Justice or Injustice?
The wife is not punishable for being an adulteress, or even as an abettor of the offence, despite being a consent party to the crime. One of the essential ingredient of the section, which states that the absence of the consent of the husband is needed to constitute the act prima facie shows that the section is not gender neutral. The gender neutrality of the section has been in controversy for a long period. The constitutional validity of the section has been challenged on the grounds that it violates the fundamental rights of a man under Article 27 of the Constitution of the People’s Republic of Bangladesh which states that “all citizens are equal before law and are entitled to equal protection of law” and that this section does not come under the purview of saving clause under Article 28(3) of the Constitution of the People’s Republic of Bangladesh. Also, the section does not provide any remedy to a woman whose husband has committed adultery with another woman, which is also a violation of gender neutrality clause provided in Constitution. The Section 497 of the Penal Code which deals with adultery is gender biased mainly on the grounds that it does not allow the wife to prosecute the woman with whom her husband has adulterated. However, it allows the husband to prosecute the man who has adulterated with his wife. Generally, the law has considered woman to be a sufferer not as the author of the offence. The contention of the court is that the community punishes the “outsider” that breaks the wedding and events the violation of sanctity of the matrimonial tie by developing an illicit relationship with one of the spouses, that the erring ‘man’ alone can be punished and not the erring woman. However, the court misses out the point that the wife has no relief in criminal law though the same provision is given to the husband and in a case where the woman is unmarried the woman cannot be prosecuted altogether. This can be viewed as a violation of the principle of natural justice.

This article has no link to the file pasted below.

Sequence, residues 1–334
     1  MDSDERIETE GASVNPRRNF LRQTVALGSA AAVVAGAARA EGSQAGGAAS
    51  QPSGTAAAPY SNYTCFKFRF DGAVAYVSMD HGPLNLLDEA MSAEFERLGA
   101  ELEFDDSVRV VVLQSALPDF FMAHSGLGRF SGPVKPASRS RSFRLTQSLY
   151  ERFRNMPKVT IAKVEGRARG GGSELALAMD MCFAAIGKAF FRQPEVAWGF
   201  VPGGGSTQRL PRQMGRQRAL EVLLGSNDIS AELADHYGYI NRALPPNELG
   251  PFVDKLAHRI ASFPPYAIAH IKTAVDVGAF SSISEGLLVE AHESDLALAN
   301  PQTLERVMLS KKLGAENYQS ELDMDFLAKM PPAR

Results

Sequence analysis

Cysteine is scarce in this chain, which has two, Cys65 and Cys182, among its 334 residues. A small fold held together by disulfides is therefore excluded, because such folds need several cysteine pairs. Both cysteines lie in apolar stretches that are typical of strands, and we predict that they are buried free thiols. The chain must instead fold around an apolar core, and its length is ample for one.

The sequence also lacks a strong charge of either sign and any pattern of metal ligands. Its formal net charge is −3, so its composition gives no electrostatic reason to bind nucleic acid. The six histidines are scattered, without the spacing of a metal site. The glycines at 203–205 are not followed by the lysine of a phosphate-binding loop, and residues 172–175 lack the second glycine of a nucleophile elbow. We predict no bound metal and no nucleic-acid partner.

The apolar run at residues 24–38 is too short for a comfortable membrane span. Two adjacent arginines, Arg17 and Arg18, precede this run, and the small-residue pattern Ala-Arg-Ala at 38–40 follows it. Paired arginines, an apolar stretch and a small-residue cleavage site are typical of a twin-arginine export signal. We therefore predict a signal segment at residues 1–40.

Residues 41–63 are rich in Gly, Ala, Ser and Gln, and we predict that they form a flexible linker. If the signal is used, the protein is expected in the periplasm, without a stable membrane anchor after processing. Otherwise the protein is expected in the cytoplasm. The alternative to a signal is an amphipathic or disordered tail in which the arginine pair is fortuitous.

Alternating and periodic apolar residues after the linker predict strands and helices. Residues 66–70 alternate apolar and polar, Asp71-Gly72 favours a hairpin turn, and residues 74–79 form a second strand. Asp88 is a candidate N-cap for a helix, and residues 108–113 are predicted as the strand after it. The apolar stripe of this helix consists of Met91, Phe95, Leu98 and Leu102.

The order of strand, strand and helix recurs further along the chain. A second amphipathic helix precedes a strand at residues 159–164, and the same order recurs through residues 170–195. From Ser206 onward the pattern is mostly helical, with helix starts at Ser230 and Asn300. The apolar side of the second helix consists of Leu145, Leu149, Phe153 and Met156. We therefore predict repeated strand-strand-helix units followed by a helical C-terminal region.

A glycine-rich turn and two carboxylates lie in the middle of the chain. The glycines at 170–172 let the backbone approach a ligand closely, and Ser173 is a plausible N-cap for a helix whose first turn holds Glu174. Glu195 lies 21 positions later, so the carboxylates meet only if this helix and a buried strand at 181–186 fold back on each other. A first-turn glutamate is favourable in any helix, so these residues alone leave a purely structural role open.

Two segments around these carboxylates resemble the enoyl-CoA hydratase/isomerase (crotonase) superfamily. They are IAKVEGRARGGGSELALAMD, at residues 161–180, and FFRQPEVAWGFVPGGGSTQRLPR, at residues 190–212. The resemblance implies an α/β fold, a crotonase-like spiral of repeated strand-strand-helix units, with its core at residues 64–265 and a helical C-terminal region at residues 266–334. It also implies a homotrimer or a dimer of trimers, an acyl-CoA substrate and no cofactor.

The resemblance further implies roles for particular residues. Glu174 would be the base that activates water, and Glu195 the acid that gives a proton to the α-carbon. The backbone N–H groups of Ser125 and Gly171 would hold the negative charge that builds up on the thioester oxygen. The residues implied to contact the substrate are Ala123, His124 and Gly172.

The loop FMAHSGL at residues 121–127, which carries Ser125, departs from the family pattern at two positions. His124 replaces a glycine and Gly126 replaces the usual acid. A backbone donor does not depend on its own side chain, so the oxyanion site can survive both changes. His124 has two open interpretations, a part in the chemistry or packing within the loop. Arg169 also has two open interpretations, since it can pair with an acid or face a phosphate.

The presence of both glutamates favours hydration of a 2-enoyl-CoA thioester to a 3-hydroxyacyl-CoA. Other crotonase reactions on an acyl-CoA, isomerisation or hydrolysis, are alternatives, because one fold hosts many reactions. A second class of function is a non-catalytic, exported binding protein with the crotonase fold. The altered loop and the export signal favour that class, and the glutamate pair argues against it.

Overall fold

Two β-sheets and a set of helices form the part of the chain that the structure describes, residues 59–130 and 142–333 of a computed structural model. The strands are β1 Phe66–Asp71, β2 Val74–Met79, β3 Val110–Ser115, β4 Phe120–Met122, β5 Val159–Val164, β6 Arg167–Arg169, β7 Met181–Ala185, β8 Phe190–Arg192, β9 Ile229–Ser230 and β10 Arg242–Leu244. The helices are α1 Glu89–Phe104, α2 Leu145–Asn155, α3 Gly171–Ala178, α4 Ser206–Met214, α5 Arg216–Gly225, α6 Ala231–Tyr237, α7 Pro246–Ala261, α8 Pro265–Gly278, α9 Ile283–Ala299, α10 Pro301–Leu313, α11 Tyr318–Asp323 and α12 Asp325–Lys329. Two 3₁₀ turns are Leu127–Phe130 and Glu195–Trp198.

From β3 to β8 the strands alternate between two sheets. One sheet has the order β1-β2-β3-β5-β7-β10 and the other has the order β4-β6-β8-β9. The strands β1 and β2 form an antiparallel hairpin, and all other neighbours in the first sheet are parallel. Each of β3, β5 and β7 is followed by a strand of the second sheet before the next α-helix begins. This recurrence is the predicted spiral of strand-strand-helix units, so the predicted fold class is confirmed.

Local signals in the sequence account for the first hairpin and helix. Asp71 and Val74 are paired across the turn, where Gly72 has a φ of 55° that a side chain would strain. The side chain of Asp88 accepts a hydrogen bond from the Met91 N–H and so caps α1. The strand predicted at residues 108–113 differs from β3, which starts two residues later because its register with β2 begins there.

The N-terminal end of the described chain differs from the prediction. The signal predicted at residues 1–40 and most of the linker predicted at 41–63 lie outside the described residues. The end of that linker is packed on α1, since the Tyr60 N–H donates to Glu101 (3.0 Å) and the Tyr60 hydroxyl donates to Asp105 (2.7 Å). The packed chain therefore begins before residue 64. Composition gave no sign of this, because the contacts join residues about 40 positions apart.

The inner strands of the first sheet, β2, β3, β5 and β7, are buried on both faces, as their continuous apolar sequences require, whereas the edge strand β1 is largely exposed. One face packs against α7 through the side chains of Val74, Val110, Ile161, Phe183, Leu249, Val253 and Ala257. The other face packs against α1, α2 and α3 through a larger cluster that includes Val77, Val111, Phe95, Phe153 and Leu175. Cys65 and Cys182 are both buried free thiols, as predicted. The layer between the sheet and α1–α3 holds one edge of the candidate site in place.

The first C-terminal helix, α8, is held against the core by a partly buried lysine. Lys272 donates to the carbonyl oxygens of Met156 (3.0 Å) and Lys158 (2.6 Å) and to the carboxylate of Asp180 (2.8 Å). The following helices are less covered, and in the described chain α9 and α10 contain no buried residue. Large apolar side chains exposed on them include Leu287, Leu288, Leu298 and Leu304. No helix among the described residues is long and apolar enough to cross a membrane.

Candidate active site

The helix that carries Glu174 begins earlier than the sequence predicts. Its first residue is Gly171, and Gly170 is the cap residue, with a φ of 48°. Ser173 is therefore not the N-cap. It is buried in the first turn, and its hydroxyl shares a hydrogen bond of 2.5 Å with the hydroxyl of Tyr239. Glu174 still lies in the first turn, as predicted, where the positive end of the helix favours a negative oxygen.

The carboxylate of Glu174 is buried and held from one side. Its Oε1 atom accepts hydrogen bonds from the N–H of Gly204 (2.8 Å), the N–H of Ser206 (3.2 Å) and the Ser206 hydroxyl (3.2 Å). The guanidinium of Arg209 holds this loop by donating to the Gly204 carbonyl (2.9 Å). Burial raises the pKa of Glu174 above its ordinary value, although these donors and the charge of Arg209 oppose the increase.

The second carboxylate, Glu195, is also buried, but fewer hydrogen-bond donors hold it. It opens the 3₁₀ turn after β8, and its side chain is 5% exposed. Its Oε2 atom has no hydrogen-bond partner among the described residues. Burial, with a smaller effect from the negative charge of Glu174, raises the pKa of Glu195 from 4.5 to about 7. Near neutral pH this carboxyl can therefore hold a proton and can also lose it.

In the Constitution of the People’s Republic of Bangladesh it is stated that no one would discriminate on the grounds of sex. Yet, it is clearly observed that the legislature is making discrimination on the basis of sex on the pretext of giving ‘protective discrimination’ to the women. The special treatment given to the women under Article 28(3) should be restricted to such cases which must be related to some features or disability which are so peculiar that it differentiates women from men as a class. It should be a policy of law that making both man and woman be held liable for adultery. Law always considers man as offender whereas the woman is held incapable of committing the offence of adultery. The Section 497 of the Penal Code, 1860 is nothing but a violation of equality clause under the Constitution of the People’s Republic of Bangladesh.
The existence of Section 497 has no evident impact on society. Acknowledging this, most western countries have decriminalized adultery. It is not a crime in most countries of the European Union, including Austria, the Netherlands, Belgium, Finland, Sweden and even the UK, from which we have borrowed most of our laws. It is high time that this law should be amended to meet the present circumstances. Adultery as an offence is extremely gender biased, and hence the punishment for it follows the same pattern. The woman is looked at being incapable of taking care of herself if her husband chooses to violate the marital bed. This law acts as furtherance to this belief and suppresses any scope for achieving equality in laws governing both men and women. When personal laws today are efficient and operate for both sexes as being equals, and women are able to establish their own identity in society without their husbands, there is no requirement to retain adultery as a criminal offence as well. The redundancy of the adultery law in Bangladesh in the light of personal laws and changing social dimensions is suggestive of amending the law in this context. However, Section 497 should not be removed from the Code, but it is recommended that both the man and woman should be made guilty otherwise it would lead to interference with the most sanctified relation of marriage.